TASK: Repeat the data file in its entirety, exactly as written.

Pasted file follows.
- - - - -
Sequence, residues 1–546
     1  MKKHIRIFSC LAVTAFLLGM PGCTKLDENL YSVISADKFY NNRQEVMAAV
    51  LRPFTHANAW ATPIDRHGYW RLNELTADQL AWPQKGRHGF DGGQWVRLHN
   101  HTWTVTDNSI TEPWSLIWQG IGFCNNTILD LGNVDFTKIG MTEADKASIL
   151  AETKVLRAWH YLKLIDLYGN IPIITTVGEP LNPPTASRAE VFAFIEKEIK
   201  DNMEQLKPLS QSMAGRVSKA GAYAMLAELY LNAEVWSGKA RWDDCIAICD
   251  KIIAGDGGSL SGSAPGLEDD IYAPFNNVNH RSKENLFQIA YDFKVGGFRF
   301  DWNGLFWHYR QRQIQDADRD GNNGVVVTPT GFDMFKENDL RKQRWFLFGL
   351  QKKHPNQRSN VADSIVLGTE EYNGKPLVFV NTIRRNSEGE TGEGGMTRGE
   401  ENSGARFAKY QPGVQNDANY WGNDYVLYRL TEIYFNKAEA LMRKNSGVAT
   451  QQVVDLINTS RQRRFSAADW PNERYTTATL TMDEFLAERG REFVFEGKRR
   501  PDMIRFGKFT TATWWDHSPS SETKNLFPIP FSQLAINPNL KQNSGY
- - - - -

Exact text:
Sequence, residues 1–546
     1  MKKHIRIFSC LAVTAFLLGM PGCTKLDENL YSVISADKFY NNRQEVMAAV
    51  LRPFTHANAW ATPIDRHGYW RLNELTADQL AWPQKGRHGF DGGQWVRLHN
   101  HTWTVTDNSI TEPWSLIWQG IGFCNNTILD LGNVDFTKIG MTEADKASIL
   151  AETKVLRAWH YLKLIDLYGN IPIITTVGEP LNPPTASRAE VFAFIEKEIK
   201  DNMEQLKPLS QSMAGRVSKA GAYAMLAELY LNAEVWSGKA RWDDCIAICD
   251  KIIAGDGGSL SGSAPGLEDD IYAPFNNVNH RSKENLFQIA YDFKVGGFRF
   301  DWNGLFWHYR QRQIQDADRD GNNGVVVTPT GFDMFKENDL RKQRWFLFGL
   351  QKKHPNQRSN VADSIVLGTE EYNGKPLVFV NTIRRNSEGE TGEGGMTRGE
   401  ENSGARFAKY QPGVQNDANY WGNDYVLYRL TEIYFNKAEA LMRKNSGVAT
   451  QQVVDLINTS RQRRFSAADW PNERYTTATL TMDEFLAERG REFVFEGKRR
   501  PDMIRFGKFT TATWWDHSPS SETKNLFPIP FSQLAINPNL KQNSGY